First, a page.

Asian Noodles

Ming Doong and Shuga Shiraki

Asian Noodles

Noodles are a great way to experience many different types of dishes. They can take many different forms, from thin soba to wide hand cut noodles. Each type of noodle has a different kind of texture, thiccness and flavor. Whether it is in a soup or dry with delicious sauce, noodles can be accompanied with many different types of toppings. These toppings include meat, vegetables, and eggs.

Soba 

This noodle is the thinnest noodle on the list. It is a Japanese cuisine with a chewy and grainy texture. The dough is made with a combination of wheat and buckwheat flour which can be made to be thiccer. They are commonly sold in dried form, but some Japanese and Korean markets have fresh soba in the refrigerated section. Fresh soba has the chewiness that dried soba does not have, but dried soba has a brittle texture. Soba should be paired with clean flavors such as soy sauce, dashi, sesame oil, and soba broth. A soba broth includes dashi, soy sauce, mirin, and a bit of sugar. 

Zaru soba

Ramen

Ramen is also thin. It was transported from China to Japan where it was mixed with Japan’s original noodle culture. Ramen noodles spread all over Japan and unique ramen dishes were made in local regions. The three most famous ramen broths are tonkotsu (rich broth made from pig bone), miso (uses miso), and soy sauce flavor (soy sauce added to pot bones and vegetables). The flour that is used for the noodles is mostly wheat flour, but they can have different ingredients to create different texture and flavor. The toppings include chasiu (pork), seaweed, menma (bamboo shoots), and boiled eggs.

Tonkatsu Ramen

Udon 

Udon is a thiccer noodle that is made of wheat flour, that can be eaten in dashi soup or served cold to be dipped in sauce. In dashi soup, udon is best paired with meat, seaweed, egg, and some green onions. There are different things to add to the basics: curry, tempura, kitsune (tofu), and sansai (vegetables). In nabeyaki udon, there is tempura, chicken, vegetables, and fish cake served in a claypot. Yaki udon is a dish where udon is stir-fried with meat and vegetables in a soy based sauce. This dish is much like yaki soba.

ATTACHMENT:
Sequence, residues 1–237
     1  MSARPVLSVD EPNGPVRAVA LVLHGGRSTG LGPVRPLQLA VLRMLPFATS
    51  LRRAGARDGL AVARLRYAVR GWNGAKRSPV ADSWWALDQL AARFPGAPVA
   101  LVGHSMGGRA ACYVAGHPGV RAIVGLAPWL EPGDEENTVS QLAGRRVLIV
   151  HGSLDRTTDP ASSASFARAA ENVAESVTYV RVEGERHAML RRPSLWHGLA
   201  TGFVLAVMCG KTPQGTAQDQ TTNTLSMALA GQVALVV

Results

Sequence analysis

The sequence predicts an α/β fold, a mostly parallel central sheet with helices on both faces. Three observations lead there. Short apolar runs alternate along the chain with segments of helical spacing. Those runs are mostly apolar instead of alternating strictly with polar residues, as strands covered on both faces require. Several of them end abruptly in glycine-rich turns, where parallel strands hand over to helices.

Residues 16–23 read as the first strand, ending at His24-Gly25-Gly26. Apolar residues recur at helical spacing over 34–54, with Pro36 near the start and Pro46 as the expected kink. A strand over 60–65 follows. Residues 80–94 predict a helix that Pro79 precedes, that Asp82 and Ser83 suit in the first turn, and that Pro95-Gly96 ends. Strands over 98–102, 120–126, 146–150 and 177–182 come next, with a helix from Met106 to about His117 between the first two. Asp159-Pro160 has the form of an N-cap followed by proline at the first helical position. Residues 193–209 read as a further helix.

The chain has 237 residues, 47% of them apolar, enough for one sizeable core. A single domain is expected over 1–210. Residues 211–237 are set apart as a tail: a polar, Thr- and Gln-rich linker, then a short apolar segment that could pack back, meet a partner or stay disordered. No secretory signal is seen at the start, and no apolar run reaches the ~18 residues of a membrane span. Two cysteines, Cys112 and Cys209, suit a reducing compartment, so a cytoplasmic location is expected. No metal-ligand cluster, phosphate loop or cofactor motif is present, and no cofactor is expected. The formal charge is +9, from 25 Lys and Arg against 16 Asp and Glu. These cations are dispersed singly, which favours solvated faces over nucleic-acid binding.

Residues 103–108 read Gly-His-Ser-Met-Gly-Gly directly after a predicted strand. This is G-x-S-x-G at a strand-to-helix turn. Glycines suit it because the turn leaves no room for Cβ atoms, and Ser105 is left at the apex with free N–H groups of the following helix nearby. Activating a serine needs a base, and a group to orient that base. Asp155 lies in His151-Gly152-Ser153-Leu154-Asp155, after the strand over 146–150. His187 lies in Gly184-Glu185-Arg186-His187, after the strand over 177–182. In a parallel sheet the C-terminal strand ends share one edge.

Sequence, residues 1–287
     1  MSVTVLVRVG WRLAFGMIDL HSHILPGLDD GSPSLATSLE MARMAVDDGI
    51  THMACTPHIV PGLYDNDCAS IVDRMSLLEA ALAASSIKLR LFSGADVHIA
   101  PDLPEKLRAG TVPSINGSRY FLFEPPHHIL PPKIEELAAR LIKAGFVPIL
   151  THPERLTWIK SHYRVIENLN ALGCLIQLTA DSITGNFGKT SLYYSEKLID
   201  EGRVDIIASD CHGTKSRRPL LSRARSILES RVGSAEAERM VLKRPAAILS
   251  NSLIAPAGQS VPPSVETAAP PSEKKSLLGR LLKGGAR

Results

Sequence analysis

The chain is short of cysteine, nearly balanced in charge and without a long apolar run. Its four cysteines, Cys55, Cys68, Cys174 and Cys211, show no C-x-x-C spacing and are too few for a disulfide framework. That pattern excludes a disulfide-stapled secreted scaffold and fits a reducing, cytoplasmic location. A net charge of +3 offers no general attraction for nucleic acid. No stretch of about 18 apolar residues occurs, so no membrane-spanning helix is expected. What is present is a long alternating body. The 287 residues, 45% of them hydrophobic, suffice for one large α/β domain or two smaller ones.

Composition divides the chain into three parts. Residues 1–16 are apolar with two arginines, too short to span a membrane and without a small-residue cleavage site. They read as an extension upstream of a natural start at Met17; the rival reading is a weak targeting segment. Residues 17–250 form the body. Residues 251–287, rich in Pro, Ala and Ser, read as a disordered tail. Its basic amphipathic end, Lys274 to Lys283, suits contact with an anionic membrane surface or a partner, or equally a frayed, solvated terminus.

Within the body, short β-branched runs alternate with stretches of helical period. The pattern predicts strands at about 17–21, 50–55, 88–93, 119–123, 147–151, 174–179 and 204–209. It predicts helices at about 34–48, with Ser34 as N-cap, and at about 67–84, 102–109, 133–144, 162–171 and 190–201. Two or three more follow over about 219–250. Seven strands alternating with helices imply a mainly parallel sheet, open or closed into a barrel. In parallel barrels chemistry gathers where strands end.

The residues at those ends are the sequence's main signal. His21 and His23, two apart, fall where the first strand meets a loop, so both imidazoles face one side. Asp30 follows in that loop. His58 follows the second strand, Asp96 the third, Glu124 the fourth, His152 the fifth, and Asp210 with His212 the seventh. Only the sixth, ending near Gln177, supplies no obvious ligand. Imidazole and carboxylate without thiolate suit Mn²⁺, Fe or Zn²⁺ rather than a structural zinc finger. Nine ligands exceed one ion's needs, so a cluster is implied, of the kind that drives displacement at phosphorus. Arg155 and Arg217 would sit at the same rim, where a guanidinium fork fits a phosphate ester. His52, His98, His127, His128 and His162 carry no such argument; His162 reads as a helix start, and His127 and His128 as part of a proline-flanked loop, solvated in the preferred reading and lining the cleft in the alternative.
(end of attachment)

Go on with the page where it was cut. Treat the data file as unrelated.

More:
Nabeyaki udon

Hand cut noodles 

The hand cut noodle is the thiccest noodle on the list. This type of noodle is wide and slightly chewy. The width of the noodle allows the most amount of flavor from the soup or sauce to be absorbed into the noodle. Hand cut noodles can be paired with loads of meat and vegetables. A great dish that includes hand cut noodles is beef noodle soup. The tender beef, crunchy pickled mustard and refreshing green onion are perfect for the hand cut noodles. Adding chili oil makes this dish even better. 

Beef noodle soup with hand cut noodles

There are different types of noodles each differing in texture, thiccness, and flavor. There are also many unique soups that are added to the noodles to make it even better. The noodles suck in the soup making them longer and have more flavor. Drinking the soup when you are done with the noodles is also a great way to enjoy the pleasure of a bowl of noodles. With their variety of characteristics, noodles are an important part of the Asian culture.

 

Sources: Udon: https://www.masterclass.com/articles/what-are-udon-noodles#what-are-udon-noodles

Sources: Ramen

https://www.yamatonoodle.com/noodle-school/noodle-types/

Sources: Soba

https://www.twincities.com/2018/11/09/flavor-is-great-but-its-the-texture-that-sells-this-soba-noodle-recipe/